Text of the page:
Outreach & Science Communication

University of Washington Planetarium Coordinator

It is my great privilege to introduce myself as the new graduate student planetarium coordinator at the University of Washington. I am thrilled to be in this position and cannot wait to keep building on the momentum that previous coordinators worked so hard to create.

The planetarium at the University of Washington utilizes state-of-the-art projectors and software to display stunning visuals of the cosmos using open-source software. In a given year, our planetarium gives 150 free public planetarium shows to local Seattle schools and communities.

As the coordinator, my role is to foster inclusive and supportive spaces for science educators to use the planetarium as a springboard for science communication, partner with local Seattle communities for volunteering opportunities, educate and inspire youth to pursue careers in STEM, and create unique planetarium shows. Click here if you would like to learn more about the UW planetarium.

alt text

StarBites Ratio

I am the founder of the StarBites Radio podcast. Together with my peers, we started StarBites as an attempt to bring together an undergraduate community of students at Columbia University that love to talk about Astrophysics and the historical importance. StarBites Radio has developed into a community where students can come together and practice the art of science communication. We have successfully launched two seasons, covering topics from general relativity, life in the universe, and women in Astronomy.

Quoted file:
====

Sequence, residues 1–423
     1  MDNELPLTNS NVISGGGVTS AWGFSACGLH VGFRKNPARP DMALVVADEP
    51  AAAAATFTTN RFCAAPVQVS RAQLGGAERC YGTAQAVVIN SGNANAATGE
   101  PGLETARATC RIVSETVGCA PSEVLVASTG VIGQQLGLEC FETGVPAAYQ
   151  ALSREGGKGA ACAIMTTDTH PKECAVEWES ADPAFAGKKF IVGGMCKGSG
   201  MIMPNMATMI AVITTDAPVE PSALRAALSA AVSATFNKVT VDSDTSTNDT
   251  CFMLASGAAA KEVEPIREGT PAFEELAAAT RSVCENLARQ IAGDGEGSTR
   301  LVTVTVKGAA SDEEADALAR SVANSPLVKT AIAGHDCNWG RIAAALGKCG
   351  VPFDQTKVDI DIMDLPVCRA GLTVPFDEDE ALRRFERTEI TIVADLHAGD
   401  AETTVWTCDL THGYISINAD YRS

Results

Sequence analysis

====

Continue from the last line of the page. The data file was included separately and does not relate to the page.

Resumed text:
If you’re interested in hearing more about StarBites Radio, click here to listen to our episodes and our social media. Our podcast was also featured on Bwog, Columbia’s indepedent student-run campus new site.

Astronomy Python Hackathons for Undergraduate Astronomy Students

In almost every astronomy & physics internship that involves the use of data, one of the very first tasks undergraduate students are asked to learn is how to program. During my senior undergraduate year, I partnered with GitHub’s Major League Hacking (MLH) to host our first ever undergraduate astronomy python hackathon that took place at Columbia University. The workshop aimed to foster a community where students can come together, learn how to program and analyze astrophysical data and learn how to collaborate with others with a common goal.

alt text (Our first Python hackathon was hosted in our Astronomy library at Columbia University)

After roughly seven hours of hacking, our students were asked to present brief project slides with their groups where they discussed the outcomes of their project and that they personally learned. We had many incredible outcomes such as mapping the positions of stars in 3D using data from Gaia DR2, an interactive moon surface map with labeled craters and an attempt to build from scratch an N-body simulator using python.